Entertainment Magazine

Review #3134: Fringe 4.6: “And Those We’ve Left Behind”

Posted on the 15 November 2011 by Entil2001 @criticalmyth

Contributor: John Keegan

Written by Robert Chiappetta and Glen Whitman
Directed by Brad Anderson

This was a difficult episode to evaluate. Not because it was a bad episode by any means, but because there were a number of elements that simply required a bit of consideration. The ongoing tension between Peter and the familiar members of Fringe Division is explored at a measured pace, even as the central “case of the week” informs the audience’s desire to “turn back time” to when things were the way they used to be. It is also a reflection of Peter’s desire, which makes it all the more interesting that the solution to the problem is acceptance of fate.

Review #3134: Fringe 4.6: “And Those We’ve Left Behind”

Considering that the circumstances of Peter’s restoration were related to unusual and dangerous anomalies just a couple episodes ago (something difficult to remember, given how long it’s been during first run), his own reaction to the time slip phenomenon raises the possibility that he is causing the kind of destabilization at the heart of the story. And this is a reasonable worry, since Peter is already struggling with the notion of how the universes were breaking down in the first place, from his perspective. It’s not hard to see how he would be concerned that his restoration was, in fact, the trigger to resuming the degradation of spacetime.

Meanwhile, the real source of the problem is an imperfect “time bubble” machine created by an electrical engineer who has watched his theoretical physicist wife fall victim to what appears to be Alzheimer’s disease over the past four years, and wants to find a way to create a space for them to exist where that has never happened. Each time he opens the “bubble”, his wife works out the theory more completely, which in turn allows him to open it even longer. But that also means that the consequences to the rest of the world escalate.

This may seem like a bit of an overdone plot premise, it actually fits very well with the underlying pattern of the season, touching back on elements from earlier seasons. In particular, there are shades of “White Tulip” in this episode, with someone trying to turn back time to change what has come to pass. The underlying message of both episodes seems to be that time should not be rewritten, which defies our assumptions regarding Peter.

It’s been a reasonable assumption that Peter would need to “fix” the timeline to restore it to what it was. And on some level, that’s what we’d like to see happen; we want the previous three seasons to “count”. But that brings to mind that old adage of changing the past: does one have the right to wipe out the versions of every man, woman, and child that currently exists, all to make things “right”? And even if Peter could convince himself that it was the right choice, how could he convince Fringe Division?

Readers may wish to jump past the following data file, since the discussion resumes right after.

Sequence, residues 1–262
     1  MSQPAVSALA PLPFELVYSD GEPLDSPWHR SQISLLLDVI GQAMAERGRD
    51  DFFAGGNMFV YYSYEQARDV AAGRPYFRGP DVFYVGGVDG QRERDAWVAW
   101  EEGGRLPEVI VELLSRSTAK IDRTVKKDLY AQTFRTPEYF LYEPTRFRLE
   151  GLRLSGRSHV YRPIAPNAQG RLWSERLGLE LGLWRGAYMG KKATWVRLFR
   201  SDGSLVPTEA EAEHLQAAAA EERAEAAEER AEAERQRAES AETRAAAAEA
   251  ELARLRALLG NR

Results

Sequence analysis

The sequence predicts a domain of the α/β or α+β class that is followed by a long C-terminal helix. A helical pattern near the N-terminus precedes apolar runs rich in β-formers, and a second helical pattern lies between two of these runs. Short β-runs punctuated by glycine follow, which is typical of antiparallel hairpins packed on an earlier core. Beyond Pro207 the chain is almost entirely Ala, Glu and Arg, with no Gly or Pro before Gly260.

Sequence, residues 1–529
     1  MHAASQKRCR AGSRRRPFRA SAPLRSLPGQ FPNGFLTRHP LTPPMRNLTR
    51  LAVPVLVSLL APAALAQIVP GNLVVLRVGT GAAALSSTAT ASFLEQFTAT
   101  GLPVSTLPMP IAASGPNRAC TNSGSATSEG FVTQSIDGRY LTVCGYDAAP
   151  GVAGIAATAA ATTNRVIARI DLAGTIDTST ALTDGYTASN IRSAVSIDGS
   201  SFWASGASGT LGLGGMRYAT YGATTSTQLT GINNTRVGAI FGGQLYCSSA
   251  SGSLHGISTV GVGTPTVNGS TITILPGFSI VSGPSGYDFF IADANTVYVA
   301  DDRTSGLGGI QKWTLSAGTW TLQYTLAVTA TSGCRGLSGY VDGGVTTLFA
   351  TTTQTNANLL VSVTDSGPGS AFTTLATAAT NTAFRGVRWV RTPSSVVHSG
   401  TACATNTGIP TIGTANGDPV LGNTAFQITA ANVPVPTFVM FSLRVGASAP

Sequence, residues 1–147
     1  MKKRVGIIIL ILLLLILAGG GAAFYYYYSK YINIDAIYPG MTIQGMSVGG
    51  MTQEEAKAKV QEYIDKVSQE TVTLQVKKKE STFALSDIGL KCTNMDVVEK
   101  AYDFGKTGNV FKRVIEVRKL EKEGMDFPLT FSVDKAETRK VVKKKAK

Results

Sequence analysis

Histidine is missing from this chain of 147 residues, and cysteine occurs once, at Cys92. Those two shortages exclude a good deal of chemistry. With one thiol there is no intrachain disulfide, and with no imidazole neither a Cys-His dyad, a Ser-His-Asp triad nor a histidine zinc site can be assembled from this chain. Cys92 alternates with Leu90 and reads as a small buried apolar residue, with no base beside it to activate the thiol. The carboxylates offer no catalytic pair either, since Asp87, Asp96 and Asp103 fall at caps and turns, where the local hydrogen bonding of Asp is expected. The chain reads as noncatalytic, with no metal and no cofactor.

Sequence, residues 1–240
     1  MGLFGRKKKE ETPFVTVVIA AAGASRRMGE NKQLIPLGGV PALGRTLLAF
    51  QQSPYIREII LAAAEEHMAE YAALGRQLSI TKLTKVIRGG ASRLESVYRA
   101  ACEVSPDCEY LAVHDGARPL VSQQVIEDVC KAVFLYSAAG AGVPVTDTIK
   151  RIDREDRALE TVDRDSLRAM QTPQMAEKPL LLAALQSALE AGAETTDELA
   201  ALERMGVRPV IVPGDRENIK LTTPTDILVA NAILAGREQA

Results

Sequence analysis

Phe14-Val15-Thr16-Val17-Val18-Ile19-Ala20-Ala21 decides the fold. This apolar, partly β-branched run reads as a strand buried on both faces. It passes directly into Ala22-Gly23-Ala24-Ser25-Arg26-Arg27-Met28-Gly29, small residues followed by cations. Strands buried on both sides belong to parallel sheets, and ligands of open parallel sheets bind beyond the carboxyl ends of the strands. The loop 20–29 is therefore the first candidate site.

But it also serves as a reminder that the writers already told us, in the first season, that this is technically not the same universe/timeline. The current Fringe Prime and Alt-Fringe, according to that theory, may effectively represent two entirely new versions of the familiar two universes that we saw for three seasons, and Peter may have to shift back to the original timeline(s) to find himself where he belongs.

While this would set certain minds to rest, particularly those who weren’t happy with the thought that the original timeline(s) were directly altered, it would represent a doubling of the universes within the narrative, with Peter’s restoration and potential return merging them all (perhaps at the Liberty Island intersection point). It wouldn’t be impossible for the audience to follow such a multiplicity of alternate worlds, I can see how it would make some viewers pass out from overload.

That said, if the writers aren’t playing to new viewers quite so much anymore, and just going where they feel the story needs to go for the dedicated fans, why not go in such a complicated direction? Or it could be that Peter is wrong, and there is no “home” for him to go back to, given what the Machine did.

But this episode tossed all the obvious solution in doubt, which is precisely the right way for the writers to go. Instead of simply understanding what is happening with Peter, we are being drawn into the same uncertainty, anxiety, and frustration. It’s a very difficult line to tread, but thus far, the writers are doing one hell of a job of making it work.

Writing: 2/2
Acting: 2/2
Direction: 2/2
Style: 3/4

Final Rating: 9/10

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